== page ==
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# Boussinesq Equation - factor 2 or 14

## Boussinesq Equation - factor 2 or 1

(OP)
I'm using the Boussinesq Equation for surcharge loads and have come across the factor of 2 which some use.
Initially based on experiments a while ago.
Bowles gives recommendations in Section 11-13 (see attached).
This website has an article: http://www.ejge.com/iGEM/Articles/FactorOf2/FactorOf2.htm

I don't have enough understanding and experience to feel comfortable either way, whether to use 2 or 1.

Have you come across a definitive journal article which you think makes the correct recommendation.

https://files.engineering.com/getfile.aspx?folder=...

### RE: Boussinesq Equation - factor 2 or 1

Skip the argument about Boussinesq and use one of the methods described in CIRIA 760 (Georgiadis and Anagnostopoulos (1998) or Pappin et all (1986).

### RE: Boussinesq Equation - factor 2 or 1

In the referred article, I don't quite follow the author's discussion on Figure 3, for which he says:

"This means that if the two forces were acting together, solutions could be superposed leading to a condition where the displacements would cancel each other, while the stresses would double. Therefore, if the two loads were acting together, our plane A-A would not move. It means that if we were to remove all the material from the right side of the plane A-A, while still maintaining its position, the material on the other side of the plane would not even "know" about it. To maintain the A-A plane in position though, we would have to provide the support equal to twice the stresses due to Q alone. So this represents a rigid boundary simulating a rigid retaining wall.

Is that where the factor of 2 came from? I think the stress has doubled since the load has doubled too, Q+Q'.

### RE: Boussinesq Equation - factor 2 or 1

I haven't looked at the referenced article, however, the difference is likely related to the stiffness of the wall. If you wall is stiff, then I would use the 2x factor. If your wall is very flexible, then I would use the 1x factor. If you do not have control of the wall stiffness, then I would use the 2x factor.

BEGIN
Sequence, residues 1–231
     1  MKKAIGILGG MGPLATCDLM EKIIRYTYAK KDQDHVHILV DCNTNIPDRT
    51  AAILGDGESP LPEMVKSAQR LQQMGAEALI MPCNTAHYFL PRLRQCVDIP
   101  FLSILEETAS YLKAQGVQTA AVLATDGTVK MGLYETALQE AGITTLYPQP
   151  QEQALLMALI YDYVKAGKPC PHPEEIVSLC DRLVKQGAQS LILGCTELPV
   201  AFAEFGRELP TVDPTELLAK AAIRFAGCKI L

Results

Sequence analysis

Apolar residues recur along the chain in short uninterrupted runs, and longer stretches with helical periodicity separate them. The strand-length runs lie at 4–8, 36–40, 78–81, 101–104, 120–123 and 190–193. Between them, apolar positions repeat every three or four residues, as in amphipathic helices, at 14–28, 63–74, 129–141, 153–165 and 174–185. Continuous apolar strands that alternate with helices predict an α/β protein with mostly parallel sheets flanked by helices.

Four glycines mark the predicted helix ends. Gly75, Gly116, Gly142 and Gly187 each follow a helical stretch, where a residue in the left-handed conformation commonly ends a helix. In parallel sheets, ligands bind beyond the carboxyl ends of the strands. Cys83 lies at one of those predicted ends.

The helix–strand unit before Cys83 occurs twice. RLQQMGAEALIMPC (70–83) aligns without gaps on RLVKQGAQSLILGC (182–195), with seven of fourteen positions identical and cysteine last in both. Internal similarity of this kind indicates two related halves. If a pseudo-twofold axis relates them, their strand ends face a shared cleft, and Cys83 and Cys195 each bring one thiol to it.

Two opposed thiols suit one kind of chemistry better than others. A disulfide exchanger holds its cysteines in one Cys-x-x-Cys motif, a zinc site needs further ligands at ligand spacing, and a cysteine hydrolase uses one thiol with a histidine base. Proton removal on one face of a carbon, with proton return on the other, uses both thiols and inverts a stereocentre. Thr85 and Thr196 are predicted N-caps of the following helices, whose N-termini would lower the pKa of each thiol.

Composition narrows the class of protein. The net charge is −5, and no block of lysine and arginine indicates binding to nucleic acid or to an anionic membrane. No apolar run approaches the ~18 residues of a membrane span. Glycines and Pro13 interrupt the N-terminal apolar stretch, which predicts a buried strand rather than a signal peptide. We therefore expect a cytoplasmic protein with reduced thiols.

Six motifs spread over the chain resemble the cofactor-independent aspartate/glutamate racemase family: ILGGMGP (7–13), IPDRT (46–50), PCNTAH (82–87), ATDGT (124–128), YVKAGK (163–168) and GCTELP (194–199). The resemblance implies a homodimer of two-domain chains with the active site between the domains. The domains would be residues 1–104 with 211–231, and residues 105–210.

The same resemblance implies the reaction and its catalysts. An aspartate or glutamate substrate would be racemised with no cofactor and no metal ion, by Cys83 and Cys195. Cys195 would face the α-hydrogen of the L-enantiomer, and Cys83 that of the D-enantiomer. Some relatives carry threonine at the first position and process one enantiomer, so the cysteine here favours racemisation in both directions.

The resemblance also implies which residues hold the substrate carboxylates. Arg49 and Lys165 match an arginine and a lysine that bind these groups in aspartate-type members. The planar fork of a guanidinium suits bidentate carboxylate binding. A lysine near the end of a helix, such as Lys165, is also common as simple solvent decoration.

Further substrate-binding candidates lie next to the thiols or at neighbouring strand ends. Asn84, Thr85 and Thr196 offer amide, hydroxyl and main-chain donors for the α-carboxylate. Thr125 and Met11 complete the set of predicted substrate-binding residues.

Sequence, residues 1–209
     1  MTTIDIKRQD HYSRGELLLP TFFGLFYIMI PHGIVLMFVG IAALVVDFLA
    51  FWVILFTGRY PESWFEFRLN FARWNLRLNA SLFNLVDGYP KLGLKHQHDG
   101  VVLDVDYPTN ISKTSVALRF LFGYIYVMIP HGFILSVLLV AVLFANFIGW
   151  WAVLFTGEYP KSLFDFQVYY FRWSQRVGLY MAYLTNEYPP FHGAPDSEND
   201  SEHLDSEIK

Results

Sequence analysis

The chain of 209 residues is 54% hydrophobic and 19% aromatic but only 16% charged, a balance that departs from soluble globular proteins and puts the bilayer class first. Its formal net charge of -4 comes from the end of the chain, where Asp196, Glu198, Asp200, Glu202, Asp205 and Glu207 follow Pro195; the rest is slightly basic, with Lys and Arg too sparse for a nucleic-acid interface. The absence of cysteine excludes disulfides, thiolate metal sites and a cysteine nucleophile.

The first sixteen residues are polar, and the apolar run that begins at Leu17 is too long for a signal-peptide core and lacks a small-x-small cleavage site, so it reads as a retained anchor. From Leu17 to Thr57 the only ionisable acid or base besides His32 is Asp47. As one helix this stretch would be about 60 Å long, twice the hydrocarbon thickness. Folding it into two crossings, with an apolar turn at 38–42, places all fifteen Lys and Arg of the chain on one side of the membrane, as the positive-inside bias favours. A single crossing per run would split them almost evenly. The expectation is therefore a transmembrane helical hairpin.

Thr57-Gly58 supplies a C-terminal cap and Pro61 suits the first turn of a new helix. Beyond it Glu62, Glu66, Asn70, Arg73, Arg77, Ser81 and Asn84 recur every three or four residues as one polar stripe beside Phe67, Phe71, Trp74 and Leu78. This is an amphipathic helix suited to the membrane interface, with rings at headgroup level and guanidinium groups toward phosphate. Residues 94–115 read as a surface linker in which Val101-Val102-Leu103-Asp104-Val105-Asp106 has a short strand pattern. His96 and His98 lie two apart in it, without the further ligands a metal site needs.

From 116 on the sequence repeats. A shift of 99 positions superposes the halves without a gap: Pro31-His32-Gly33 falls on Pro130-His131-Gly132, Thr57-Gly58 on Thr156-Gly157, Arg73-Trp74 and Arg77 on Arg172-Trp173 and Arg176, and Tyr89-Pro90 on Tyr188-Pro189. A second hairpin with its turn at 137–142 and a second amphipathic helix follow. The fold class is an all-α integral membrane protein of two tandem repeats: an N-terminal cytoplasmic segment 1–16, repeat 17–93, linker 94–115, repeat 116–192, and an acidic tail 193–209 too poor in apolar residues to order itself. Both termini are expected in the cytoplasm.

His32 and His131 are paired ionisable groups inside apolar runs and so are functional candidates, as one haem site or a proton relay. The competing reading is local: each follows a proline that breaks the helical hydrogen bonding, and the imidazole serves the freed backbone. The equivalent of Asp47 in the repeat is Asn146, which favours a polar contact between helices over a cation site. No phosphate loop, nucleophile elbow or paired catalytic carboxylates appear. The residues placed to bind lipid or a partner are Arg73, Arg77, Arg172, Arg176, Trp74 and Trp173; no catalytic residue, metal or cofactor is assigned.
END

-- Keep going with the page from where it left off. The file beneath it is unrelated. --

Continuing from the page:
Mike Lambert

### RE: Boussinesq Equation - factor 2 or 1

(OP)
As well as the stiffness being a variable GoePaveTraffic.
I don't think I can comfortably lean either way without having to spend more time looking into it. The experiments in the article: I couldn't find anything online. The experiments mentioned by Bowles: 0.15m thick wall, 1.8m high. I wouldn't know whether this would be classed as "stiff" but the results leaned towards are factor of 2 ... but it has been decades since and it looks like there is still debate. I don't know if there are other experimental results.
geotechguy1, I could not find CIRIA by Georgiadis and Anagnostopoulos. Would the method be such that you could compare with Boussinesq?

### RE: Boussinesq Equation - factor 2 or 1

Maybe an alternative thought experiment to the mirror load is this:

1. Apply the load to the elastic half-space. The ground moves under the load.

2. Insert the wall into the model. The stress on the wall is that from Boussinesq.

3. Excavate the far side of the wall. Assume the wall doesn't deflect, but the ground movement from stage 1 is still there.

4. To return the ground to its original position, as though a rigid wall had been there from before the load was applied, you need to push the wall back towards the retained ground. This increases the force on the wall.

### RE: Boussinesq Equation - factor 2 or 1

(OP)
Thanks steveh49, that's an interesting way of looking at it.
The alternative methods are helpful and I will try all methods for comparison. The method which includes the angle of friction to the wall will be interesting, as typically the soil retained has a strip of coarser material which apparently reduces the stresses.

### RE: Boussinesq Equation - factor 2 or 1

steveh49 - I was thinking that looked just like CIRIA 760 and then I realized it's from the previous version (CIRIA 580).

Absolutely brilliant manual

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